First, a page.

This Week in Trek: Is There No Truth in Beauty?

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 “Code of Honor” has been compared to a view of tribal Africa as seen by 1940s American cinema

Thirty Years ago this week, TNG premiered the god-awful “Code of Honor,” an episode famous for its racial insensitivity.   The script itself is not very good, but it’s not racist.  The racism was inserted when the director cast all African-Amercian actors to play a misogynistic and primitive tribal race.   The director was fired for this midway production, which was serendipitous because it gave Les Landau a chance to jump from assistant director to director for the first time.  Landau would go on to become one of Trek’s most reliable directors.

 

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Fifty years ago today, TOS premiered the third season episode “Is There No Truth in Beauty?” It guest starred the supremely talented Diana Muldaur (who would go on to play Dr. Pulaski in TNG) as brilliant psychologist Dr. Miranda Jones.

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There’s a lot I like about this episode. First of all, it gives me a chance to point out something Star Trek has almost always done right — it takes psychologists seriously. Yes, I know Troi is made fun of . . . but as a psychologist she was actually competent whenever we saw her in session, and the field itself was never treated as a problem. But in every Trek show, mental health is treated as an important field that is essential to overall quality of life. And that’s both exciting and not ubiquitous on television.

(For Discovery fans, I’d like to point out that Miranda Jones is a human who trained on Vulcan and thus has some interesting parallels with Michael Burnham).

The episode also does legitimately try to take some swings at prejudice, with Kirk criticizing mankind for still being too hung up on physical appearances. Of course he almost immediately pivots from that to complimenting Dr. Jones not for her skills but for her physical beauty.

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That brings up to what I don’t like about this episode. Dr. Jones really is brilliant and disciplined. But our main trio’s reaction to such a woman is gawk and stare at her like schoolboys finding a Playboy. Come on, men. This is a colleague. Be professional.
And then there’s the IDIC symbol. It’s ironic that the IDIC symbol appears in an episode called “Is there no truth in beauty?” because its very creation asks that question. In universe, IDIC stands for “Infinite Diversity in Infinite Combinations” and is a sign of tolerance, creativity, scientific discovery, and basically anything else we in the 21st century would equate with cosmopolitian progressive values. Behind the scenes, the symbol was created by Gene Roddenberry as a piece of merchandise that he could lay sole claim to.   He shoehorned it into the episode against the wishes of practically everyone else and several lines about it were cut so the cast wouldn’t mutiny.   Far from an emblem of peace and cooperation, it’s very inclusion was one of ambition and division.  It was invented as a revenue stream disguised as enlightened philosophy.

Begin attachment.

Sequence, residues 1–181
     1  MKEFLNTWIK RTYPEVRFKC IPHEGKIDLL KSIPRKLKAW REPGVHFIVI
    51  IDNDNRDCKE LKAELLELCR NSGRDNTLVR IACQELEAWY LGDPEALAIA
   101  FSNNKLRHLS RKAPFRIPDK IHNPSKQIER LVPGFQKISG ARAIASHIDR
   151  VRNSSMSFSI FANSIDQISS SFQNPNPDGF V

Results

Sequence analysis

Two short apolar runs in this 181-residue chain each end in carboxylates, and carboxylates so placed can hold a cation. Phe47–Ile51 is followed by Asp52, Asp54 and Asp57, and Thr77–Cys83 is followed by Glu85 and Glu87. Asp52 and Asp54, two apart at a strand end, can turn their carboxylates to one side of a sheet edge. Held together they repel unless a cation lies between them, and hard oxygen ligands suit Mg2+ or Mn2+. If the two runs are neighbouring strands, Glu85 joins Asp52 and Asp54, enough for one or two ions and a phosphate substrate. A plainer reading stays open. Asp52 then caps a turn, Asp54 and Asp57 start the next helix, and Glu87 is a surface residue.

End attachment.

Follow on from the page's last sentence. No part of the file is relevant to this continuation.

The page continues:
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In a way, isn’t that all of Trek? Not counting fan productions, each new Star Trek has ultimately been green-lighted based not on its potential for changing the world but its potential for making money. Gene was no woke saint. Yes, I give him full credit for going to bat over racial representation — not just in Star Trek but also in his previous jobs. If there’s one thing he got right, he seemed to have a genuine passion for fighting racism.

But there were also unseemly aspects to him. He was a merciless self-promoter, willing to tear anyone else down to make himself look better. He wrote lyrics (never-used) to the Star Trek theme song just so he could grab half the royalties. When he lost control of the direction of Star Trek II, he tried to sabotage it by leaking the script. Worse than any of that, he harassed the women who worked with him. There’s reason to believe he pressured the women who worked for him to have sex with him. As Ande Richardson put it, “he may have been the Great Bird, but he wasn’t a great person.”
Roddenberry liked to make self-insert characters. Wesley Crusher, for instance, was created based on Roddenberry saw himself as a teen. Riker was based on Roddenberry’s self-image of himself in his prime. But, ironically, the one character that might really sum up who Roddenberry really was is Zephram Cochrane in “First Contact.” A scoundrel whose creation inspired people for centuries, but it turns out he was doing it for power and money. That’s Roddenberry, and that’s the IDIC symbol.

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But the spaceship in First Contact worked, and the IDIC philosophy is a beautiful one. The motivations and failings of the creator doesn’t undo the contribution. When one learns about the ugliness of our favorite artists, we very well might ask “Is there no truth in beauty?” There’s no easy answer to that — after all, what IS truth? what IS beauty? — but there is something in beauty. It’s not all just smoke and mirrors, not if there is something we can salvage and take with us.

 

So today I think it makes sense to open up the question beyond just Star Trek and ask, in any franchise or medium: what is a piece of art or culture where what it means to you is at odds with what it meant to the creator, or where you know the creator did not live up to the ideals of his work but you appreciate the work anyway?

Or, alternatively, just tell me about your favorite Trek merchandise!

 

and now, a random image from Memory Alpha

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Data discovers Sherlock Holmes and uses a pipe. (TNG-R: “Lonely Among Us“)